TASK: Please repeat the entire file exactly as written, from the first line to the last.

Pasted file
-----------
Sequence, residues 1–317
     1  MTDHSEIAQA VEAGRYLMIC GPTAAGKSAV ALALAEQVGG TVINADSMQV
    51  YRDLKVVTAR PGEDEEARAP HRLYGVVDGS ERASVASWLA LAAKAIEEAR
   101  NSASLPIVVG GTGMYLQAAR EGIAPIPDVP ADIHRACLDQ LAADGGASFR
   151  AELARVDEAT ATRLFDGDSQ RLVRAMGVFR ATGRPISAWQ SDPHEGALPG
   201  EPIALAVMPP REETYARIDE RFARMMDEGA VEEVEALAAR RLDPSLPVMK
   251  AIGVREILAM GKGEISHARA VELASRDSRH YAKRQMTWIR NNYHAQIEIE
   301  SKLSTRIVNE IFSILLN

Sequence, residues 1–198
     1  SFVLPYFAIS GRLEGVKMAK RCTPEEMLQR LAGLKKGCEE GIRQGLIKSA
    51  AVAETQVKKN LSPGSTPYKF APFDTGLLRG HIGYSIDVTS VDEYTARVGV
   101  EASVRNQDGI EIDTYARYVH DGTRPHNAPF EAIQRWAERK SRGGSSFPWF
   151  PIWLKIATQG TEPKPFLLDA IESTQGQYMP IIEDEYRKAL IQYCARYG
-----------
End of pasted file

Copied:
Sequence, residues 1–317
     1  MTDHSEIAQA VEAGRYLMIC GPTAAGKSAV ALALAEQVGG TVINADSMQV
    51  YRDLKVVTAR PGEDEEARAP HRLYGVVDGS ERASVASWLA LAAKAIEEAR
   101  NSASLPIVVG GTGMYLQAAR EGIAPIPDVP ADIHRACLDQ LAADGGASFR
   151  AELARVDEAT ATRLFDGDSQ RLVRAMGVFR ATGRPISAWQ SDPHEGALPG
   201  EPIALAVMPP REETYARIDE RFARMMDEGA VEEVEALAAR RLDPSLPVMK
   251  AIGVREILAM GKGEISHARA VELASRDSRH YAKRQMTWIR NNYHAQIEIE
   301  SKLSTRIVNE IFSILLN

Sequence, residues 1–198
     1  SFVLPYFAIS GRLEGVKMAK RCTPEEMLQR LAGLKKGCEE GIRQGLIKSA
    51  AVAETQVKKN LSPGSTPYKF APFDTGLLRG HIGYSIDVTS VDEYTARVGV
   101  EASVRNQDGI EIDTYARYVH DGTRPHNAPF EAIQRWAERK SRGGSSFPWF
   151  PIWLKIATQG TEPKPFLLDA IESTQGQYMP IIEDEYRKAL IQYCARYG